Quite often, we like to believe Humanitarian aid to the less privileged or needy communities is a noble human gesture, a sign that despite what goes on around us across the globe, we are still human beings first. However it’s a common finding that “the good gestures are always overridden by evil business intentions.
Among the long list of nations suffering this same notion, South Sudan is not alone when it comes to COVID-19 corruption allegations. But some are asking whether there is a better way to provide aid in the world’s youngest country.
Juba, South Sudan – When the pandemic struck, many feared South Sudan could be one of the hardest hit countries in Africa – years of conflict had hollowed out its healthcare system and the threat of famine was on the horizon.
In 2020, the European Union allocated €59 million for humanitarian actions covering the response to floods, COVID-19, and food insecurity across South Sudan.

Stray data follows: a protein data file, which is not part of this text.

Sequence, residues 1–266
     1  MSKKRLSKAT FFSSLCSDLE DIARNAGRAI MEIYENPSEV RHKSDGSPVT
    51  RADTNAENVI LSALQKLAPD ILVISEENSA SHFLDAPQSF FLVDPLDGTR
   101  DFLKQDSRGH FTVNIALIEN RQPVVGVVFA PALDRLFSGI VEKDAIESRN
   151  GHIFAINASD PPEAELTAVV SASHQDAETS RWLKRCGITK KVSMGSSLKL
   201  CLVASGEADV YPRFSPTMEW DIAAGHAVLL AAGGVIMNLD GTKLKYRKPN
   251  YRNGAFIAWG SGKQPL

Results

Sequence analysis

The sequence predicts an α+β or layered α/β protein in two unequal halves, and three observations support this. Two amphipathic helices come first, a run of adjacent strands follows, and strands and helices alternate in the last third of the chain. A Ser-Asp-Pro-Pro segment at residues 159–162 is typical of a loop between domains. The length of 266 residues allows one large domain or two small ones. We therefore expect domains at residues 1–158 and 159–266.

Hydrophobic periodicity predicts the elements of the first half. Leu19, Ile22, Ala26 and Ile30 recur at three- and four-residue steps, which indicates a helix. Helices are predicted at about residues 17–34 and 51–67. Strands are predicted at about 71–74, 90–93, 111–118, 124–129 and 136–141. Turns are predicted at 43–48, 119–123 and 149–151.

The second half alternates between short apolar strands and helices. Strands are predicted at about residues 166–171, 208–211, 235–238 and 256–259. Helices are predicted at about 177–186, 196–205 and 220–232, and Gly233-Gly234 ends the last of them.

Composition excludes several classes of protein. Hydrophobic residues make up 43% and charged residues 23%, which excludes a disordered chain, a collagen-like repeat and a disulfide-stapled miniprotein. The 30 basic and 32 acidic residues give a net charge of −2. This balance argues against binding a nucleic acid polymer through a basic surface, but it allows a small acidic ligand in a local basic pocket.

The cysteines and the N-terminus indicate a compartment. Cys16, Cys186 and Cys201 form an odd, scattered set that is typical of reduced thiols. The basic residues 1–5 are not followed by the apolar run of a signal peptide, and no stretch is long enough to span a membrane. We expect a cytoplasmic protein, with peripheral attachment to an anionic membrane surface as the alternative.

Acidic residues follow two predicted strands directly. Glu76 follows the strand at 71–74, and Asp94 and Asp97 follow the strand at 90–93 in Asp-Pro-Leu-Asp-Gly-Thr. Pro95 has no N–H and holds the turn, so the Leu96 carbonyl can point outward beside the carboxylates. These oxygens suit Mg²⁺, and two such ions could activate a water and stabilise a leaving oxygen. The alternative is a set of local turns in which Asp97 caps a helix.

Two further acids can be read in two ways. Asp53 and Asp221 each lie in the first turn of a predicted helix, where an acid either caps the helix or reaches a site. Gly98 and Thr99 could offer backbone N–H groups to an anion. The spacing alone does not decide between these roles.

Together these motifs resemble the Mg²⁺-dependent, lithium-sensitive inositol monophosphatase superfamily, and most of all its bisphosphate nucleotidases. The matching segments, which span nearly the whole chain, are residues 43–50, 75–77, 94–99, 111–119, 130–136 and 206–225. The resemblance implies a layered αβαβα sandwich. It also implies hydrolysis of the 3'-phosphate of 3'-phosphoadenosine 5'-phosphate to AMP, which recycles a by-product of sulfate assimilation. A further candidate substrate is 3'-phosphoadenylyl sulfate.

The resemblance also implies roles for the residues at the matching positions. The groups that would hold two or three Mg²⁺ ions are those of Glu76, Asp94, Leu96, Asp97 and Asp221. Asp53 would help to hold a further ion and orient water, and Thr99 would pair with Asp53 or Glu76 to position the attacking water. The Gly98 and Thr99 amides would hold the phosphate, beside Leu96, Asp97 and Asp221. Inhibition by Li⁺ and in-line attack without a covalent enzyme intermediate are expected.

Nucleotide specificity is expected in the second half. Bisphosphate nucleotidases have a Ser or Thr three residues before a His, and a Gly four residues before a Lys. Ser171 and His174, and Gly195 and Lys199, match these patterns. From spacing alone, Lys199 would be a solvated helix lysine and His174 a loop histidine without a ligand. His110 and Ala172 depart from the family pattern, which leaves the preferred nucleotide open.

With emergency levels of food insecurity and malnutrition across the country, the EU provides food assistance and nutrition interventions, including in hard-to-reach areas. EU humanitarian funds support the acquisition and distribution of nutrition products, including ready-to-use therapeutic foods for the treatment of malnourished children and mothers.
Heeding the warnings, the European Union, the United States and the World Bank chipped in more than $100m for the COVID-19 response, while the International Monetary Fund has given some $200m in loans.
Worrying death toll projections have yet to materialise – fewer than 150 people have died of the virus in the past year despite a recent uptick in cases – but familiar patterns of alleged profiteering emerged after the first cases were reported.
A black market appeared for COVID-19 tests that were supposed to be free. An inflated contract was awarded to a company to renovate a hospital that still sits empty. And the government authorized one small outfit to produce hand sanitizer – while banning imports of the product as people scrambled to find supplies. The New Humanitarian found these and other examples after interviewing nearly 30 government officials, business owners and aid workers, as well as reviewing documents, emails and text messages as part of an eight-month investigation with Al Jazeera.
“Every time there is a crisis, the government ignores its citizens, relies on international aid, (and) doesn’t help its own people,” said Edmund Yakani, head of the Community Empowerment for Progress Organization, or CEPO, a civil society group in South Sudan.